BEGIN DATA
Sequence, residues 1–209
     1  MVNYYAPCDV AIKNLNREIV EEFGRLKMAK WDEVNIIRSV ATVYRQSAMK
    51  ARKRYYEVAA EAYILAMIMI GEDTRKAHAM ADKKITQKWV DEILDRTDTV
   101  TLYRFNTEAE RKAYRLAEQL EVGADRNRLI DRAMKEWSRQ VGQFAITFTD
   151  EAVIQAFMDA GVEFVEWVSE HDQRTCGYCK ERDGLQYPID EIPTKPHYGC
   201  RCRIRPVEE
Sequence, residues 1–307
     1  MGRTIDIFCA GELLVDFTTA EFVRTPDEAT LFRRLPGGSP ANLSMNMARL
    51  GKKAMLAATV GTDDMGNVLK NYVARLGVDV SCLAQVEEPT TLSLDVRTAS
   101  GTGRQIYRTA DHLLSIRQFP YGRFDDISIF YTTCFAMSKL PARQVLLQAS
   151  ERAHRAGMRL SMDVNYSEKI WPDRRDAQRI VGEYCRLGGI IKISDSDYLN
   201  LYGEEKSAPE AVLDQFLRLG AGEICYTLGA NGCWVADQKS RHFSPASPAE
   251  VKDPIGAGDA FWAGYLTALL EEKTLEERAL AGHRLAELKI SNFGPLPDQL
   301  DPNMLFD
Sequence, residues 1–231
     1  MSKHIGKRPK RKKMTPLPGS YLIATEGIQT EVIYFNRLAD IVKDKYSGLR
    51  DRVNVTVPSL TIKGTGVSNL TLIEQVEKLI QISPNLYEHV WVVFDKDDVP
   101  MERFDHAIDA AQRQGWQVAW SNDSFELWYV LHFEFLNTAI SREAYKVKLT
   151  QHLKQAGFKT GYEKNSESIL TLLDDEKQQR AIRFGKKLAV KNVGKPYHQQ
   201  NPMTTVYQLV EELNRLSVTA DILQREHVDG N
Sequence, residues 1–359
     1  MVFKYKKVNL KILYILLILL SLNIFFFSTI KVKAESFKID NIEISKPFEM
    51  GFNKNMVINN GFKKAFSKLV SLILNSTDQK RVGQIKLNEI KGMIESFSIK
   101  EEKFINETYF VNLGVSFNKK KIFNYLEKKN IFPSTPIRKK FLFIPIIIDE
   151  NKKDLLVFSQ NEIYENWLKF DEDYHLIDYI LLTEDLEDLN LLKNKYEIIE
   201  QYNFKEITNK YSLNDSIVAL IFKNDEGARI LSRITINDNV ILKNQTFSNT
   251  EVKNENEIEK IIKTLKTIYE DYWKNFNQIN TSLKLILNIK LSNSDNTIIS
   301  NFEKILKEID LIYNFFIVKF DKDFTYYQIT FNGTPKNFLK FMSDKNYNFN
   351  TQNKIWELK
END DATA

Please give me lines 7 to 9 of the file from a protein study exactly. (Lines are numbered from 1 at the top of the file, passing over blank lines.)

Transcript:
Sequence, residues 1–307
     1  MGRTIDIFCA GELLVDFTTA EFVRTPDEAT LFRRLPGGSP ANLSMNMARL
    51  GKKAMLAATV GTDDMGNVLK NYVARLGVDV SCLAQVEEPT TLSLDVRTAS